Lincoln is shot on April 14, 1865
Lincoln is shot On this day in 1865, John Wilkes Booth, an actor and Confederate sympathizer, fatally shoots President Abraham Lincoln at a play at Ford’s Theater in Washington, D.C. The attack came only five days after Confederate General Robert E. Lee surrendered his massive army at Appomattox Court House, Virginia, effectively ending the American Civil War.
Booth, a Maryland native born in 1838, who remained in the North during the war despite his Confederate sympathies, initially plotted to capture President Lincoln and take him to Richmond, the Confederate capital. However, on March 20, 1865, the day of the planned kidnapping, the president failed to appear at the spot where Booth and his six fellow conspirators lay in wait. Two weeks later, Richmond fell to Union forces.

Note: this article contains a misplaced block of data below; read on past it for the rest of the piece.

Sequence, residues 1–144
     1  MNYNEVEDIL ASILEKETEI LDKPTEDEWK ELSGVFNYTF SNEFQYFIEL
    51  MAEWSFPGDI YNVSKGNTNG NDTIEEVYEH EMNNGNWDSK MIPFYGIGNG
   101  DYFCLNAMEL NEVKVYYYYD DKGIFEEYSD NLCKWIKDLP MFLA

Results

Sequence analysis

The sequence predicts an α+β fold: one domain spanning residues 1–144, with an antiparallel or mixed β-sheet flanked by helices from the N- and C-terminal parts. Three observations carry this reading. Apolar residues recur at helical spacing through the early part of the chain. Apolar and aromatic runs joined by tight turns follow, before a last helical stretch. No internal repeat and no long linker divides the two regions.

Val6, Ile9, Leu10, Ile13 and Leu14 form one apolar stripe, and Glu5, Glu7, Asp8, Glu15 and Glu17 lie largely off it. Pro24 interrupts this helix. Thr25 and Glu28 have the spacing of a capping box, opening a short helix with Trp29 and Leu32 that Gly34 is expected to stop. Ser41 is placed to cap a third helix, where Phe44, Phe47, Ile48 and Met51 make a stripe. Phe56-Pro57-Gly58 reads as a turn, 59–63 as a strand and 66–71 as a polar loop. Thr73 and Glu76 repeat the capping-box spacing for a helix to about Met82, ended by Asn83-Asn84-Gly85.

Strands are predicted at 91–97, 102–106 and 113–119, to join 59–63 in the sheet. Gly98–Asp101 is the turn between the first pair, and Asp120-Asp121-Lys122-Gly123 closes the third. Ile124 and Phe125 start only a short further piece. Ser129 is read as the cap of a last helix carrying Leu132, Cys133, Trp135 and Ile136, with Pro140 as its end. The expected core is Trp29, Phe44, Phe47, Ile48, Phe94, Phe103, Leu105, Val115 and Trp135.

In April, with Confederate armies near collapse across the South, Booth hatched a desperate plan to save the Confederacy. Learning that Lincoln was to attend a performance of “Our American Cousin” at Ford’s Theater on April 14, Booth masterminded the simultaneous assassination of Lincoln, Vice President Andrew Johnson and Secretary of State William H. Seward. By murdering the president and two of his possible successors, Booth and his conspirators hoped to throw the U.S. government into disarray.
On the evening of April 14, conspirator Lewis T. Powell burst into Secretary of State Seward’s home, seriously wounding him and three others, while George A. Atzerodt, assigned to Vice President Johnson, lost his nerve and fled. Meanwhile, just after 10 p.m., Booth entered Lincoln’s private theater box unnoticed and shot the president with a single bullet in the back of his head. Slashing an army officer who rushed at him, Booth leapt to the stage and shouted “Sic semper tyrannis! [Thus always to tyrants]–the South is avenged!” Although Booth broke his leg jumping from Lincoln’s box, he managed to escape Washington on horseback.